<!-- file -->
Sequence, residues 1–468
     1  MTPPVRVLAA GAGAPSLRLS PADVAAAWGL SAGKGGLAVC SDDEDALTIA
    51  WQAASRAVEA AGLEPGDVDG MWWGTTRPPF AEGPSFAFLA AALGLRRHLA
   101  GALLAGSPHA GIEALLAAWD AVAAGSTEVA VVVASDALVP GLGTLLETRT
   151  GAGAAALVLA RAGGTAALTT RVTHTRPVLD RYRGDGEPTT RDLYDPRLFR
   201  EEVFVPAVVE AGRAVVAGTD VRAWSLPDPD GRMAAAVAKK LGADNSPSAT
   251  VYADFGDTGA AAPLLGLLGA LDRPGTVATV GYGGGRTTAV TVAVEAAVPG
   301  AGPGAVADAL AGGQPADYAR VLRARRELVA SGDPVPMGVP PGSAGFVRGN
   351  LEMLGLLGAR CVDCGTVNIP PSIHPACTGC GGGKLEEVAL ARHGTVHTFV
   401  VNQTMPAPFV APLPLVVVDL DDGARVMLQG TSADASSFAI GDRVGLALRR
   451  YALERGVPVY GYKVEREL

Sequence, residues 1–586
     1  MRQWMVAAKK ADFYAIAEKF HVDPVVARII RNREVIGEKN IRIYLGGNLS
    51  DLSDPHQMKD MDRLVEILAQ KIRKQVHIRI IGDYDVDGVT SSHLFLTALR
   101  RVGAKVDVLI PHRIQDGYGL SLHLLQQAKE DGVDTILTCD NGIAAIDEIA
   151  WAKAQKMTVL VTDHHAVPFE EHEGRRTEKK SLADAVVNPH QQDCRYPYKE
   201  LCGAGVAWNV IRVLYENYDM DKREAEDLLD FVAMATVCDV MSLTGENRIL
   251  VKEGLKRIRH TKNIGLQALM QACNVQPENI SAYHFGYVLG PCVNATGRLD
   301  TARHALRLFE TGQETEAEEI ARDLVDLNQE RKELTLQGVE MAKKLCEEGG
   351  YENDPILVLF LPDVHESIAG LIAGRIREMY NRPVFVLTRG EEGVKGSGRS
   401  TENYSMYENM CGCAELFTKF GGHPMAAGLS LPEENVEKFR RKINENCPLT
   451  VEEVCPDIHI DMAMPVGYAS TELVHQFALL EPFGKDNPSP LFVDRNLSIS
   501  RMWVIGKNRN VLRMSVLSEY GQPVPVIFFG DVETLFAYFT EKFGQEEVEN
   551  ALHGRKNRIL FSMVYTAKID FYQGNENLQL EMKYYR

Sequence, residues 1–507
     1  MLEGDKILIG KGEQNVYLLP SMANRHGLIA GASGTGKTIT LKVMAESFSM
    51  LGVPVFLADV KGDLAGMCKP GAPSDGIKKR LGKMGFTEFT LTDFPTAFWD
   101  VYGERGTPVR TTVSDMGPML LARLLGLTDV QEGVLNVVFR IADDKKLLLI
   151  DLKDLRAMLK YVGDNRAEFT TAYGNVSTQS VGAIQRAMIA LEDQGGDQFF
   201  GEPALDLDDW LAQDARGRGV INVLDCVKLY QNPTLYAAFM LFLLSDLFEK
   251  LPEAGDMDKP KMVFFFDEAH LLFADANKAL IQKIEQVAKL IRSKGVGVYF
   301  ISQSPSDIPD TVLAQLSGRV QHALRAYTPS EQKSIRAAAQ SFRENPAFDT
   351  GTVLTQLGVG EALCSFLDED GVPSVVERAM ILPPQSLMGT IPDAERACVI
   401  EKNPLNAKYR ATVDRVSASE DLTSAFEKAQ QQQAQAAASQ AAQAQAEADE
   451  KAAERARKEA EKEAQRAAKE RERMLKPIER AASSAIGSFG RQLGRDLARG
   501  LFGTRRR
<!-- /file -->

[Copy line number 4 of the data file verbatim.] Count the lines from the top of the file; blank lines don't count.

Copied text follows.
   101  GALLAGSPHA GIEALLAAWD AVAAGSTEVA VVVASDALVP GLGTLLETRT